This is my original blog for all our non-caravanning trips since 2009 and more recently posts about coming to terms with being single again having been widowed in 2018. And anything else too really!

My caravanning blog is (Get Your) Legs Down and all our trips in the caravan are there. My grog blog is The Ale Archive where I list every beer I’ve ever tried.

Wednesday, 8 February 2012

Lanzarote Log pt 3

The weather again wasn't all that great this morning – occasional glimpses of the sun but the biting northerly was keeping the temperature below sunbathing level. So after another delicious breakfast of bacon, egg, beans and toast, we coaxed Penelope in to life and pointed her north.

We bypassed the big tourist resort of Puerto del Carmen – there may be some time on Saturday before we leave so that was pencilled in for then – and stopped first at the Islands capital – Arrecife. Nothing special of note here although it does – according to my trusty ‘Lonely Planet’ - survive as a town in it’s own right without the help of tourism. We parked up briefly to have a wander around and to poke our heads in at a travel agent.

Friends of ours are staying in Tenerife and we were toying with the idea of going over to see them whilst we were in Gran Canaria next week. In fact they flew out the same day as us, but thanks to the delays didn’t get installed in their rooms until 2.00am. We got some prices and headed back to Penelope.

Next stop was the Cactus Garden further up the north eastern coast. It’s a delightful circular multi level sunken garden made of lava rock and containing over 1500 varieties of, erm cactus. The fact that it was sunken made it a great shelter from the increasing northerlies blowing across the sea, though it was no doubt designed to protect the cacti and not the tourists. It really is a wonderful place to visit though.

Next up, and further up was the green caves, although the name is slightly misleading as there is nothing green about them. It it believed that they were once owned a family called Verdes, hence the name. The caves were formed by following a volcanic eruption some 5000 years ago. The top layers cooled forming a roof  beneath which lava continued to flow until the eruption stopped. The main tunnel is about 5 miles long, much of which extends out under the sea.Only a short section – less than a mile is open but is very impressive all the same. The highlight though is the very simple but clever visual gag at the end of the tour. You won’t see it coming and as we were all sworn to secrecy I ain’t going to tell you what it is. Google will no doubt provide you with an answer though if you wish.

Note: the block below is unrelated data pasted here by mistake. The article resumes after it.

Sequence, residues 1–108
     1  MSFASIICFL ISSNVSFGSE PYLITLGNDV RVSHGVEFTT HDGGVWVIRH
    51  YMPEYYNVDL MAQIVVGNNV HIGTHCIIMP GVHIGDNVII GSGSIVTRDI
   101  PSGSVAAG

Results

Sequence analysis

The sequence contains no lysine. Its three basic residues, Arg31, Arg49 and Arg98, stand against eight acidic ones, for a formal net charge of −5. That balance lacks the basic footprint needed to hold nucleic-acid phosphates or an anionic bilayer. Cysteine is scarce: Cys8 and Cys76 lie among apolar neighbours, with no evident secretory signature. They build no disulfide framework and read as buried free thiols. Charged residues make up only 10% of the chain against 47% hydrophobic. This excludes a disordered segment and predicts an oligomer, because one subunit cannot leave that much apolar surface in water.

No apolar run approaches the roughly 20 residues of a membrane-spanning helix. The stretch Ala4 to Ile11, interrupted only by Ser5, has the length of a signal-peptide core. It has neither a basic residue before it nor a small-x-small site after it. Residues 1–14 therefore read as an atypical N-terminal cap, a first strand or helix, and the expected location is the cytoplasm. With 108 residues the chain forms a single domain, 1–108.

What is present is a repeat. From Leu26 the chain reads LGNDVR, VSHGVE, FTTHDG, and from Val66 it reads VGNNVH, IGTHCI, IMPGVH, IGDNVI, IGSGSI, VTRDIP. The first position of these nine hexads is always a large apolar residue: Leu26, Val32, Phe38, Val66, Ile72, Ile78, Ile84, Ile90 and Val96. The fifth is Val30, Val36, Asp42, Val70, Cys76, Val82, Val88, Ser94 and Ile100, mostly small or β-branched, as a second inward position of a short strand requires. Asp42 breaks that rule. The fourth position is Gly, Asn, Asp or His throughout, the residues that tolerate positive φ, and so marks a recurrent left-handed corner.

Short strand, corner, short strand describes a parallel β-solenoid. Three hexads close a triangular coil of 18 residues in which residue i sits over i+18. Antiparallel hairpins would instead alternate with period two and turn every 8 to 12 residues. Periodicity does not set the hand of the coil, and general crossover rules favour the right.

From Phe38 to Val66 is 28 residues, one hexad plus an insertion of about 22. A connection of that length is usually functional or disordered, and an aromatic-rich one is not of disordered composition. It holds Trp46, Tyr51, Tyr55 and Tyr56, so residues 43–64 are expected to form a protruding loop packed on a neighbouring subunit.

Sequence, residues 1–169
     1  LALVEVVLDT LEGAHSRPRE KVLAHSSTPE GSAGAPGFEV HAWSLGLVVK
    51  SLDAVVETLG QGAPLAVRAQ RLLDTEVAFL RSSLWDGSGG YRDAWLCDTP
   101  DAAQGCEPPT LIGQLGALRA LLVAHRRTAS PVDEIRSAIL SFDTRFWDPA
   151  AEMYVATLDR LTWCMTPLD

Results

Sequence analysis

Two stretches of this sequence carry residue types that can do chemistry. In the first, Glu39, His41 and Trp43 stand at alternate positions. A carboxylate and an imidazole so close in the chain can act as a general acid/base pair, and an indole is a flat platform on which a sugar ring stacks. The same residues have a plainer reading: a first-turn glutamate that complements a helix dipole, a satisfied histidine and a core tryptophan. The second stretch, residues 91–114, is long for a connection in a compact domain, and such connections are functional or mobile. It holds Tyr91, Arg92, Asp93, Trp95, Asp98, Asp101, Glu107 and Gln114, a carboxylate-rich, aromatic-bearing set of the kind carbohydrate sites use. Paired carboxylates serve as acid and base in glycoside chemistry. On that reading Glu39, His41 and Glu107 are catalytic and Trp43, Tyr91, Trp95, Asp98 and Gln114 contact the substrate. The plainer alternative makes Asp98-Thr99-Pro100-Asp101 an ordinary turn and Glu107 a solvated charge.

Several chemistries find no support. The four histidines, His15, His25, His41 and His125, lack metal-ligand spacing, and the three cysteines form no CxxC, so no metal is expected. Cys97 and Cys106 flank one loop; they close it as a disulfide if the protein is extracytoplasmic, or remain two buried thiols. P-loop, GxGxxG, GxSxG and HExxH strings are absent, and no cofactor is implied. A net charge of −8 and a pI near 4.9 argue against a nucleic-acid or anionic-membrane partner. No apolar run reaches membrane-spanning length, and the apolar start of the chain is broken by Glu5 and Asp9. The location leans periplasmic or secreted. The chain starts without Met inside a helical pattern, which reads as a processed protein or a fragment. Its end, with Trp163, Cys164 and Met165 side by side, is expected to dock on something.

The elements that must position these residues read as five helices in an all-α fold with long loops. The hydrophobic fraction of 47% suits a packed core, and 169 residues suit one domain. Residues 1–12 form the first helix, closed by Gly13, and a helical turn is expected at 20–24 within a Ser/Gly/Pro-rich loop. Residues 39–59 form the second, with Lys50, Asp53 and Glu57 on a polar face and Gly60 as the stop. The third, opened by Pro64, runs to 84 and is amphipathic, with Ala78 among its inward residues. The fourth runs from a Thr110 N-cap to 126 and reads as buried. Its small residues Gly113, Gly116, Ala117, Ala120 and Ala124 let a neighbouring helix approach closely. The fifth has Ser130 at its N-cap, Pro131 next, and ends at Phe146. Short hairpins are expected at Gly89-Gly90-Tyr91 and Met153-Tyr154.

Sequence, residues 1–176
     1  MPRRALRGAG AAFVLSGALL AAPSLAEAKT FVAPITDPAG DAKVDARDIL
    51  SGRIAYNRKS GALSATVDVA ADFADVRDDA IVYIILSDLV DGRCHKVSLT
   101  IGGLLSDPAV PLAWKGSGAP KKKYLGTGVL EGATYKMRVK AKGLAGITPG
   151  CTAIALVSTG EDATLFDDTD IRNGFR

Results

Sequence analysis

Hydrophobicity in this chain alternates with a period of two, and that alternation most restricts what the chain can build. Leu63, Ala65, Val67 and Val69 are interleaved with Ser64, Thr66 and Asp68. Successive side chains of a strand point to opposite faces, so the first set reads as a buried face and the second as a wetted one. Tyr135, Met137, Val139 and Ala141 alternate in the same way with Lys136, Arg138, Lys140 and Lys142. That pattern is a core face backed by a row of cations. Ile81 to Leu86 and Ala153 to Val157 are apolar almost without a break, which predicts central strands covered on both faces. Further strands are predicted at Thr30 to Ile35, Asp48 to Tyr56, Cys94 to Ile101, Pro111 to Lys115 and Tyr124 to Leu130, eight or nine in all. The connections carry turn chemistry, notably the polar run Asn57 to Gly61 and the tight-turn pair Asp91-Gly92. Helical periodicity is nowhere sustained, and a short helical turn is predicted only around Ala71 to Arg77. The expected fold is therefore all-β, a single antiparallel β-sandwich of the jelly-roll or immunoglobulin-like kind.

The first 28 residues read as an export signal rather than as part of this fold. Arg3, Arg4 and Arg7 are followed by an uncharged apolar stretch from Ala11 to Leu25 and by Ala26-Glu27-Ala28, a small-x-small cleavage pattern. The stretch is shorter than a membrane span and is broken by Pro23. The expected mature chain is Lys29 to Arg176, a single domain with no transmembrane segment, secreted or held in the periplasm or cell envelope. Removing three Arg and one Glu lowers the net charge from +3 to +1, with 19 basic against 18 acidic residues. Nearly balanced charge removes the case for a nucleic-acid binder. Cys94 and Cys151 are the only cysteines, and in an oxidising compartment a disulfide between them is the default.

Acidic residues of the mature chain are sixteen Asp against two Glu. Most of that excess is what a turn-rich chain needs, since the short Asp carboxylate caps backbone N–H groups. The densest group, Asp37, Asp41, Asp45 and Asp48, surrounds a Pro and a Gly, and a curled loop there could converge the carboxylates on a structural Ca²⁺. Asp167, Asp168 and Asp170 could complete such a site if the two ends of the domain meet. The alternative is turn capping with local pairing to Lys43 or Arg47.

Continuing on, and climbing higher and higher we paused at the Mirador del Rio which promised stunning views of the little island of La Graciosa on the northern tip and a sheer 500m drop for a mere 5 euros. We walked instead  along the road to the side and got similar views for nothing.

We were now heading back south, this side was more mountainous (or should that be volcanous) and offered some spectacular views across to the east where we had driven up earlier. We stopped for a bite to eat and marvelled at the stunning views.

On the way back we passed through Teguise, another pretty little place which used to be the capital until Arrecife assumed the crown some 160 odd years ago.

So, in a couple of days that's a large part of the island covered. We may not have seen everything but it’s given us a good overview. In the next couple of days, depending on the weather we will do the middle bit and see what are supposed to be some of the most dramatic volcano ranges on the island.

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